Dec 30, 2018
Elementary school lunch loaded with nutrition
I miss the days when I got school lunch on the Japan Exchange and Teaching Program, working as an Assistant Language Teacher in rural elementary and junior high schools in southern Ehime Prefecture. I was one of those spoiled ALTs who received the lunch portion of an absent student for free. In a year teaching at half a dozen schools, I got to eat all kinds of delicious sea food, since our town was right on the Seto Inland Sea, and I probably ate my weight in mikan oranges a few times over. Mikan oranges and other citrus are a large part of the prefecture’s agriculture production.
After my JET Program stint, I worked as office staff for a company in Tokyo, among other jobs. I missed the school lunches and remarked on it to my boss one day. He suggested we go over to the hospital nearby where the patient and staff cafeteria is open to visitors. He saw the look of doubt on my face, and having lived in North America, he was aware of the woeful reputation most hospital food has there. He convinced me it was good. And it was. Nurses, doctors and support staff at the hospital can eat delicious, healthful and cheap lunches there. The space was brightly lit and naturally very clean, it being a hospital. Every so often, when I didn’t bring bento box lunch, I got the daily lunch set there.
These days, I work in a private high school where students bring their own bento box lunches or get a bowl of ramen or plate of curry rice in the cafeteria. The quality can vary at schools. At other private high school cafeterias, I got well-balanced meals, but at this school, the donburi is heavy on meat and rice. They serve half a porker in their shogayaki. The sports kids need their carbs and proteins, but I need my veg, so I make my own bento most days.
Curry scented broccoli salad, stir fried kishimen noodles with vegetables
I got talking about lunch and nutrition to my guy who works for a major manufacturer. I worry about him because he has long hours, rarely gets national holidays off, and spends little time at home, which means he doesn’t have time to cook.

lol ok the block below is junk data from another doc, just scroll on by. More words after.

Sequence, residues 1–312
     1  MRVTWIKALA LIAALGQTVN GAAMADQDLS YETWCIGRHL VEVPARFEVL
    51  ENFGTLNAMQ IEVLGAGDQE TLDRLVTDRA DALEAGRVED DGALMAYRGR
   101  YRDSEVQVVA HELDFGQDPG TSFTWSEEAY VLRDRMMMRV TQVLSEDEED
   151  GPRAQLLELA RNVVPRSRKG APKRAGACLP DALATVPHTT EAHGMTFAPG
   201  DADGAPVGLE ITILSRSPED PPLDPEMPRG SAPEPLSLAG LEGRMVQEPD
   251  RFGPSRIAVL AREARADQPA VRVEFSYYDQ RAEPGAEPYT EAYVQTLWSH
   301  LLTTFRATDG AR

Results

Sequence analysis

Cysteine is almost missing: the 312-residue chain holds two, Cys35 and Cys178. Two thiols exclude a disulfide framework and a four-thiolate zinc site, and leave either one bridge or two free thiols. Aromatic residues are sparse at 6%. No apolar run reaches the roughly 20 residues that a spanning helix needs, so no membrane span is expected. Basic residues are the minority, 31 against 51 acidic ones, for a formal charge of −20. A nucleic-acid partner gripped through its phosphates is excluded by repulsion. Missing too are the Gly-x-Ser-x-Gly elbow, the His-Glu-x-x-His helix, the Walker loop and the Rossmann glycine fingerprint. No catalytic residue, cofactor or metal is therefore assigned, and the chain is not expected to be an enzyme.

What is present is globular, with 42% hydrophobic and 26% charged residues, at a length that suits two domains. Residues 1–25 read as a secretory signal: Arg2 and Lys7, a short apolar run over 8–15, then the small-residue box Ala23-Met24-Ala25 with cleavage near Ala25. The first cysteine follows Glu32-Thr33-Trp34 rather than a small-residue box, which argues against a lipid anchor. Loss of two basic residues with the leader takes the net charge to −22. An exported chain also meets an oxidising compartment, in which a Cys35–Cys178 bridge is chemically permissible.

He put me at ease by telling me about the company cafeteria. At his company, the cafeteria provides reasonably priced meals with fish and lots of veggies. Some of the foods are grown by agricultural clients of the corporation. He says it’s delicious and satisfying. When he stays late, he can get dinner there, too.
When he does cook, he gravitates to greens, fish and low fat ingredients. His no-recipe dishes are delicious and he uses ingredients in a surprising way sometimes. He substitutes spicy sauces for salad dressings, or improvises a classic washoku dish with seasonal produce or ingredients at hand. I think his bachelor guy cooking is influenced by the creativity and quality food he gets at work.
In Japan, staff dining halls at companies and institutions are so significant for company life that somebody made a term for it, “Shashoku”, short for shain shokudo. At these cafeterias, staff in different departments and on different floors of a building can mingle. Some companies provide free meals as a reward for company productivity. And then you just need a break to put your tools down, leave your desk and relish a good meal.
Does your company or institution have a cafeteria? How’s the food? What are the pros and cons of eating in the caf?